Gentleman’s Greatcoat Muslin : Second Wave Offensive

Last night I used the sleeve alteration on Phat Chick Designs for a forward rotated shoulder.  Did I look at my FFRP ?  Did not.  I usually use that as a starting point.  I tend not to ascribe to Occam’s Razor, but rather to my detriment delight in positing plurality without necessity.  {wink}

That is to say, I should have looked at FFRP first.

Phat Chick Pattern after some alteration.  Weeeeird.  Long acquaintance with two-piece sleeves teaches me to first monkey with the upper sleeve, and then the under sleeve only if necessary.  This is the upper sleeve.  The left is the front of the sleeve.   My fingertip points to the shoulder seam marking.

Front, with Phat Chick altered sleeve.  Not so bad, not so good.  He had some mobility issues.  I spent a few years in theatrical costume.  During fittings we made actors reach their hands over their heads, touch their toes (as close as possible), reach across their bodies, jump, and twist.  If their character needed to perform any particular physical activities, we’d try that too.  If a garment doesn’t pass the mobility test, it’s no good.  This sleeve does not pass the mobility test.

Side.  Ick!  When I was altering the sleeve I realized Phat Chick tells you to alter out most of the sleeve ease.  Also, the sleeve in the illustrations was a simple one-piece sleeve with a flattish shirt-style sleeve cap.   I think I need to raise the sleeve cap and/or add in a little more east to both the front and back.  When I sewed in the sleeve, it wouldn’t ease.  In fact, the coat body tried to ease to the sleeve.  Terrible.  At lease the length is good.

Jumping Juniper, that’s a bad back.  I can’t discuss it. Sloppy.

I went back to good old FFRP over my breakfast.  They say not to change the sleeve at all, rather match the shoulder point on the sleeve to the new shoulder seam.  They further suggest not worrying if the underarm seam won’t match the side seam because no one looks.

Good solid advice.  However, the beauty of a two-piece sleeve lies in its elbow bend.  If I just plonked an unaltered sleeve onto the new shoulder seam placement, the back seam of the sleeve would sit too far up his arm.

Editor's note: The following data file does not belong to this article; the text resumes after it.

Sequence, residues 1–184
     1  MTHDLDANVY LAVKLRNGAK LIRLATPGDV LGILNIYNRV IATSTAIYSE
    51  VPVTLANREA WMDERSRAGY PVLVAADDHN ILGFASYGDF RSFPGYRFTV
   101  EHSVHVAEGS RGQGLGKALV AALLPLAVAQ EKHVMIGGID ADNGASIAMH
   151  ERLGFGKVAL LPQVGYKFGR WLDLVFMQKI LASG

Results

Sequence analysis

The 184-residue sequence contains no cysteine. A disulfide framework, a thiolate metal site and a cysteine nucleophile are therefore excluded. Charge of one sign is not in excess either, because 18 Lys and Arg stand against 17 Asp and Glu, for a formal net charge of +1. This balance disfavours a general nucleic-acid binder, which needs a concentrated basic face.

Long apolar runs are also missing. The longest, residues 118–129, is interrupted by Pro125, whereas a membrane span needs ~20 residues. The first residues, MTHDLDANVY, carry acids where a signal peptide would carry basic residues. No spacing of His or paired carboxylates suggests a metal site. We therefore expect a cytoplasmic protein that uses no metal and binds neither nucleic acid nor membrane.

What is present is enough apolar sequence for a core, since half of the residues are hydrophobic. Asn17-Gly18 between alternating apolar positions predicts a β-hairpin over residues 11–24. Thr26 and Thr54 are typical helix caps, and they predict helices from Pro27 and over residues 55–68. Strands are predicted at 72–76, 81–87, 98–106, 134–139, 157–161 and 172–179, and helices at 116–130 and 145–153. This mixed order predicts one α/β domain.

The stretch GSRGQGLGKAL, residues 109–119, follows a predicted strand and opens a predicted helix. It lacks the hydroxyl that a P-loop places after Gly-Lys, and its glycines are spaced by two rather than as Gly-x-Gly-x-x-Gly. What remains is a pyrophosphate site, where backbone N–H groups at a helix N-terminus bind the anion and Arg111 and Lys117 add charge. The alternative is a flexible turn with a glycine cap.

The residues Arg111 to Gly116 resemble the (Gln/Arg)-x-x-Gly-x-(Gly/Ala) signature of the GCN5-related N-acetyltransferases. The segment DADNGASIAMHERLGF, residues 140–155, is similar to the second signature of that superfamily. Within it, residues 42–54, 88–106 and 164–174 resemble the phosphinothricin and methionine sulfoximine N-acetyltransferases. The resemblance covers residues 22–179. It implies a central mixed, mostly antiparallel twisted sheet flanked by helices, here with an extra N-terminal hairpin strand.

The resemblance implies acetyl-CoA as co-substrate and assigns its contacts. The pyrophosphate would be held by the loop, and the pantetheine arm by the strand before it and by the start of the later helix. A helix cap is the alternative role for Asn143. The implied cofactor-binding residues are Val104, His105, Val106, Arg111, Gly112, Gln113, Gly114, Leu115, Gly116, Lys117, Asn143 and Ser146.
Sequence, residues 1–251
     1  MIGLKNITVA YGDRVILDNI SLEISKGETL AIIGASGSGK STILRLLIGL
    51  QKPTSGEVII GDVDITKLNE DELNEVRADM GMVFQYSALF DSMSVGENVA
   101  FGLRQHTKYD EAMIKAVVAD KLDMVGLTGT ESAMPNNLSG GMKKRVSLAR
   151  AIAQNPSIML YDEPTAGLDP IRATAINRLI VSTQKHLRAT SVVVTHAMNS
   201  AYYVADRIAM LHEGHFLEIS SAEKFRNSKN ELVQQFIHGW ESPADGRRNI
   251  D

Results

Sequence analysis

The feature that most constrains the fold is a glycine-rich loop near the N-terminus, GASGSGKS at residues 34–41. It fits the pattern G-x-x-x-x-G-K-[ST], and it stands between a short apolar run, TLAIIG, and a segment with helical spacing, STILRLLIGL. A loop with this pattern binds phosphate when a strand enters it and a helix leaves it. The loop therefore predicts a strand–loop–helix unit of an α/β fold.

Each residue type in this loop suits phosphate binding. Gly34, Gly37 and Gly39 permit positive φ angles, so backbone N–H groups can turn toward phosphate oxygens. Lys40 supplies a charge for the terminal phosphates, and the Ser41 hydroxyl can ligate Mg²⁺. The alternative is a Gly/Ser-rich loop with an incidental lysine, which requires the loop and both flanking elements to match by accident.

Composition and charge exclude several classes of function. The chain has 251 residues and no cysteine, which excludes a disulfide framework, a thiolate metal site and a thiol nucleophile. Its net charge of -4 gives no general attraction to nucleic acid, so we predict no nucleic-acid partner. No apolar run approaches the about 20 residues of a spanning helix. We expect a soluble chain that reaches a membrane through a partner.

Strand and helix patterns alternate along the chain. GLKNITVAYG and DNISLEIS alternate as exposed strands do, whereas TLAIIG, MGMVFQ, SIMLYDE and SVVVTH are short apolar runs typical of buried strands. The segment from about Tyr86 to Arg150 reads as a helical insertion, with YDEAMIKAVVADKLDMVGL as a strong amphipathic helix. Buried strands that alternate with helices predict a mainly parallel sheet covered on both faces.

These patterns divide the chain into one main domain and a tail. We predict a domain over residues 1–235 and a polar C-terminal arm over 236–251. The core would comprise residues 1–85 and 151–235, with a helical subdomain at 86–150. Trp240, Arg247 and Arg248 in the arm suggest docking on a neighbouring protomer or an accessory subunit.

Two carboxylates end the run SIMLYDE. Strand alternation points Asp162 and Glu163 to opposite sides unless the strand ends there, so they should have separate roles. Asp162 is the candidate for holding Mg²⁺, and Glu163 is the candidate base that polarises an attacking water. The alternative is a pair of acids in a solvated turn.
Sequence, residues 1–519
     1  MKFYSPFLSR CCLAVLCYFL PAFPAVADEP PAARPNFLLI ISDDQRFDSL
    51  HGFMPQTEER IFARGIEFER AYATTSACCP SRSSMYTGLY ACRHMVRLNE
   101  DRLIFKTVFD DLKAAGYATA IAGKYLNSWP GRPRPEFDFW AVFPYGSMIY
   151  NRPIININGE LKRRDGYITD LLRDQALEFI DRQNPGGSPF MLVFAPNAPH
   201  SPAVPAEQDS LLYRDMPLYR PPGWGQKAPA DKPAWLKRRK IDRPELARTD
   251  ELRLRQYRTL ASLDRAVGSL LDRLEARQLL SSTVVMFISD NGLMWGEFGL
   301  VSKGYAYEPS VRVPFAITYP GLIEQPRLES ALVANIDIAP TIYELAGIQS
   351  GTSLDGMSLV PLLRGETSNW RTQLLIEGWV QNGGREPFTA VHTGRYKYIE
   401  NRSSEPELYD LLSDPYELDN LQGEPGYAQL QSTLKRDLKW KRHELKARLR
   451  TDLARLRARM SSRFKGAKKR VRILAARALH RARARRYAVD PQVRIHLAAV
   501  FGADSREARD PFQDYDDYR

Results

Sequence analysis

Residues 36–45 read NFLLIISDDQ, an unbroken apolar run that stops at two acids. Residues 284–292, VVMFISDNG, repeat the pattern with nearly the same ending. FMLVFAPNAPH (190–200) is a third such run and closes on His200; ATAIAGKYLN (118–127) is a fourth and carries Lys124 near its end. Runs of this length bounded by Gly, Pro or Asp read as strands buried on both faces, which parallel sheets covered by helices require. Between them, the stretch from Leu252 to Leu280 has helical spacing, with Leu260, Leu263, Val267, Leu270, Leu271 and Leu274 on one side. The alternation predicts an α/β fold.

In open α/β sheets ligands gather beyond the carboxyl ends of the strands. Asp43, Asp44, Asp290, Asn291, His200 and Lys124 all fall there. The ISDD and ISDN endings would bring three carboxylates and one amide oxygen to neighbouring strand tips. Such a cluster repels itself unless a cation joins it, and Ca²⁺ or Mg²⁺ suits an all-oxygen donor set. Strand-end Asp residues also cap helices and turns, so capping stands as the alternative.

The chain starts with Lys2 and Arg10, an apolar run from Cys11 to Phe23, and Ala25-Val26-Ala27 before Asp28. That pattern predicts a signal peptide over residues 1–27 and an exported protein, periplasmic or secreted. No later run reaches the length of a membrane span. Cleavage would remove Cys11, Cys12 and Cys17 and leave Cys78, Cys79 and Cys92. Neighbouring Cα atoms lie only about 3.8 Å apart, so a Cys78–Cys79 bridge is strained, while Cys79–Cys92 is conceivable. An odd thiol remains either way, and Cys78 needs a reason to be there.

FFRP did suggest perfectionists should alter the sleeve seams the same way they altered the shoulder seam.  In my case, I sliced 1 1/8″ off the front shoulder seam and added it to the back shoulder seam.  I traced a new upper sleeve and did just that. 

You can see changing the placement of the seam alters the shape of the cap, but not dramatically.  Note the shoulder seam marking.  This looks better to me.

Front.  Oh dear.  This time we fit with the waistcoat and both shoulder pads in place.  The sleeve to your left is Phat Chick.  The sleeve to the right is the simpler FFRP.  It looks at first glance like the left one is better.  However, the collapse in the right one indicates to me that it has the right amount of ease and once it is made up in the proper fabric with a carefully fitted shoulder pad and sleeve head, all will be well.  Please correct me if you know otherwise.  He still had mobility issues.

Back.  Better but not great.  I realized I added extra width to the back armscythe on the waistcoat to allow for rounded shoulders.  I shall need to do this for the coat.  Once I do, the left (the FFRP arm) will look smoother.   I wanted to avoid making a second muslin of this coat, but I need to.  That’s ok, it tipped the balance in favor of deepening the back yoke curve to preserve the style. 

Left: Phat Chick sleeve.  Right: FFRP sleeve.

The left looks in desperate need of a higher sleeve cap.

The right looks like it needs a sleeve head for support (or an adjustment for smaller arms?) and the coat back needs a little more width.  I could either alter the Phat Chick sleeve or alter the back.  I believe altering the back (especially since I wanted to anyway) will fix the mobility issues and will smooth out the sleeve wrinkles.  I suspect it would also prove to be a shorter process due to my greater familiarity with the techniques used in back alterations.

Phat Chick would work well for a shirt sleeve with a smaller forward roatation, but for a coat sleeve (which has a higher sleeve head and greater ease) it is inappropriate. 

The next step involves pulling out the basting, remixing the back, and re-assembling the muslin.  It sounds like more work than it ought to be.  I might stick on the front skirt part while I’m at it.

Husband doesn’t like me to call it the skirt, but I’m stuck for any other word.  The kilt?


9 comments